Cable companies now offer service with hundreds of channels of all sorts, offering HDTV, stereo sound, and 24-hour broadcasting.  Reality shows, sitcoms, lawyers, cops and doctor shows – some running episode by episode, some keeping a story line going for an entire season.  That’s how TV is now.

 

However, that was not how it was for TV on the Range in the 1960s.

 

Every home had a spindly TV antenna rising above its roofline to pick up both TV channels.  That’s ‘both’, as in ‘two’.  Across the Range, we watched NBC via WDSM-TV on channel 6 (now KBJR), or turned the dial (by HAND, of all things) to KDAL –TV on channel 3 (now KDLH) to watch CBS.  Both originated from Duluth, so those antennas were pointing southeast like so many frozen synchronized swimmers to receive signals from 65 miles away – and most of it in black and white.

 

These stations also had their local list of shows and celebrities that added to the fun.

 

WDSM got us to hurry home from school to watch CAPTAIN Q.  The station’s weatherman, JackMcKenna, played the part as the Captain, who came down his ladder, greeted us from his pilothouse set, and introduced us to cartoons such as Casper the Friendly Ghost, Little Lulu and Popeye.  Live actions episodes of The Little Rascals or The Three Stooges were sometimes mixed in.

 

Captain Q  had a very shy sidekick, known as Sparks.  We saw him only from the back, as Sparks was a very shy character who spoke very little.  Sparks was played by another weatherman, RayPaulson, who stepped into other shoes once Captain Q sailed off the air.

 

Those shoes belonged to Bozo the Clown.  RayPaulson became WDSM’s version of Bozo, entertaining us with orange upturned hair, a silly voice and many cartoons.  Kids could sit on the bleachers right in the studio with a chance to actually be on camera, wave frantically and mouth “Hi, Mom” to anyone who was watching.

 

Eventually, Bozo also came to an end.  WDMS, though, wanted to keep the show in some other form, so RayPaulson continued with another clown character of the station’s own devising named Mr.Toot. 

 

KDAL was not a kids’ channel.  It was a more serious home of such as WalterCronkite and local news anchor DickAnthony.  But, KDAL offered something no other channel could offer and that was Dotty Becker’s TOWN AND COUNTRY show at noon, Monday through Friday.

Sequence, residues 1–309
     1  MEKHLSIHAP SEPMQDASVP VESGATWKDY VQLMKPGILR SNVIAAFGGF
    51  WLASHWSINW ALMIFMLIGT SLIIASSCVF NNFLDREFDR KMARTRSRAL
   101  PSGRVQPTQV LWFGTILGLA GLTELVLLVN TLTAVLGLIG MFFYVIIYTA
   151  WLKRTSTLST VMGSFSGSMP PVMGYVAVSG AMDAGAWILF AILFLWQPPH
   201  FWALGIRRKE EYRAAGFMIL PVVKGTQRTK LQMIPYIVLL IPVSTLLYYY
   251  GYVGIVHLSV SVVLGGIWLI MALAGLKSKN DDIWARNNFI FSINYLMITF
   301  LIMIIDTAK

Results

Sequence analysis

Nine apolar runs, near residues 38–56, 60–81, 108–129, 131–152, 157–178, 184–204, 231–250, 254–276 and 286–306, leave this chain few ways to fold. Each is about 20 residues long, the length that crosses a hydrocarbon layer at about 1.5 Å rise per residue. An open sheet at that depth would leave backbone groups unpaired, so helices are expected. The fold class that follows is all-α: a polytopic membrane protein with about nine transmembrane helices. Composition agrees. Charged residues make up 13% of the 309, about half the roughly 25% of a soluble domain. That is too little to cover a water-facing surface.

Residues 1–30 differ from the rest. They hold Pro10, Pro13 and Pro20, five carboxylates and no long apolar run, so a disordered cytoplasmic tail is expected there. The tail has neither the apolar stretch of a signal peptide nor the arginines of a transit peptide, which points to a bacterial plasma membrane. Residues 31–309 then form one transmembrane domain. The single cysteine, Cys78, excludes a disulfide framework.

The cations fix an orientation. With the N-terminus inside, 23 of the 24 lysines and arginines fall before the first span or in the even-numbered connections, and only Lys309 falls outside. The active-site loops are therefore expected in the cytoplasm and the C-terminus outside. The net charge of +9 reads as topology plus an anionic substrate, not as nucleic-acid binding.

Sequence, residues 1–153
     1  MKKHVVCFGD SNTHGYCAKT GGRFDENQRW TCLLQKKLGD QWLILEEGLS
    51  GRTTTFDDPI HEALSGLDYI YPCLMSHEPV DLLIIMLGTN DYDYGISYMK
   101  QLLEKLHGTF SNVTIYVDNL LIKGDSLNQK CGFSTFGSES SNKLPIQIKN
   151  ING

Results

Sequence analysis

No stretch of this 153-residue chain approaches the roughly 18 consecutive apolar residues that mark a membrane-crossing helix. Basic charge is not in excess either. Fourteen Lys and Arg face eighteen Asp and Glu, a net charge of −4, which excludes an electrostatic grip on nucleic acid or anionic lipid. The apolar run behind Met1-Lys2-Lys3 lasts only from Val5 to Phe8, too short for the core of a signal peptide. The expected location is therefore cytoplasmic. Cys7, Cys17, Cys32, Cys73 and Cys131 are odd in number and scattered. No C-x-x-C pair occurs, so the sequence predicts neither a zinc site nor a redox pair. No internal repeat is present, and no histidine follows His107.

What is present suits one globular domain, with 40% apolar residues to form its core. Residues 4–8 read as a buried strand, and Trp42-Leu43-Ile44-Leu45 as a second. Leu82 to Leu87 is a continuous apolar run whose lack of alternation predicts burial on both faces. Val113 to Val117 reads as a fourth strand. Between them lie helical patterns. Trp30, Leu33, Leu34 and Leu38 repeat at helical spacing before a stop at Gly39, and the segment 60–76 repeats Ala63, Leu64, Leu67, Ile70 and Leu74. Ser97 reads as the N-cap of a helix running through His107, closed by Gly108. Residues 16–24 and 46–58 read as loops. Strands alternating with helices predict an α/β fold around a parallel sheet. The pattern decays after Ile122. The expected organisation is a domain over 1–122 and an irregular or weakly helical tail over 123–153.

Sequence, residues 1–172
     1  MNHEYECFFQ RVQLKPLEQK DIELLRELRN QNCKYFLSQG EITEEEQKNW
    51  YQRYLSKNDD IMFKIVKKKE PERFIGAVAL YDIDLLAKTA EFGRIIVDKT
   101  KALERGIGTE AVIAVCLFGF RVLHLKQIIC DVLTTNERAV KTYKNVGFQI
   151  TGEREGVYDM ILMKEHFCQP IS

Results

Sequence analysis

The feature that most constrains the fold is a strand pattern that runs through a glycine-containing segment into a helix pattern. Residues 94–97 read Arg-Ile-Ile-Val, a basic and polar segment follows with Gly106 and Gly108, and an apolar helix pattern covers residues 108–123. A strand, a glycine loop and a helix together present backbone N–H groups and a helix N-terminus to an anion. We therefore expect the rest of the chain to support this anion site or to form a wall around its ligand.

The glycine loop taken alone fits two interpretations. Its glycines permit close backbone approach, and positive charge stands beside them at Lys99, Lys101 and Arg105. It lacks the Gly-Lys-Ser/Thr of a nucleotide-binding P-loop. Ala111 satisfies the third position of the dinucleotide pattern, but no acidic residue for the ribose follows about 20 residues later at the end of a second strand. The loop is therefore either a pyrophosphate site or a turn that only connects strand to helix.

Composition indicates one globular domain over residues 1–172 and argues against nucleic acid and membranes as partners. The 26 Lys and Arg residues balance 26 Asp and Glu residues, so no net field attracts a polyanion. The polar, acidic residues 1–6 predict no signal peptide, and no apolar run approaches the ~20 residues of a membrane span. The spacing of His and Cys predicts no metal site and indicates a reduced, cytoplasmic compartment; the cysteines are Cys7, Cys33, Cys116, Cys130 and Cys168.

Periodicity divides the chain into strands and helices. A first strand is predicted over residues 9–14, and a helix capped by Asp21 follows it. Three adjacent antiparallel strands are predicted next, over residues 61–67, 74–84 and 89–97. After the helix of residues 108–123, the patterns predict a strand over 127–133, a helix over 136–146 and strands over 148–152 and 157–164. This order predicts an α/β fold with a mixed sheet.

Dotty was everybody’s aunt.  Her show was recipes, books, visits with local important people.  Occasionally, the entire town of Mt. Iron tuned in her show because the Mountain Iron Boys’ Choir (60 angelic unchanged fifth and sixth grade boys) sang a few times on the show – a highlight for those of us who got to sing in that group.

 

And then, in the mid 1960s, it happened.  Two more stations were added to the load on those spindly antennas.

 

WDSE  – channel 8 joined the  Duluth broadcasters. But, I mean, really, ‘educational’ TV?  We kids just weren’t into that.  It was in elementary school in front of a TV in the gym where we learned German on WDSE from a lady named Dr.HeidiOplesch.  With a thick German accent , she taught us to how to say that we’re having fun in school, and how elephant’s ears are so large.  Little did we know that within just a few years, such programming would become huge national classics as Sesame Street and Mr.Rogers’ Neighborhood.

 

Our network experience blossomed with the inaugural broadcast of WDIO channel 10 out of Duluth, affiliated with the ABC network.  All those programs we had heard about added to our viewing habits – The Fugitive, Mod Squad, and the ultimate for kids of the day, the original Batman, with Adam West – and it was ALL in color.  WDIO came with a sister station, broadcasting out of Hibbing – our very first Range TV station, WIRT channel 13.  To put a cherry on the top for these stations, their news anchor man gave up his radio job at WHLB in Virginia.  DennisAnderson stayed for many years, finally retiring in May of 2011.  He became an idol of pride as one coming from our own ranks.

 

Within a few years, we had come from a two-station market to an area fully covered by all the major networks.  Life  nor culture would ever be the same – especially with larger antennas that allowed for real LIVING COLOR.Image

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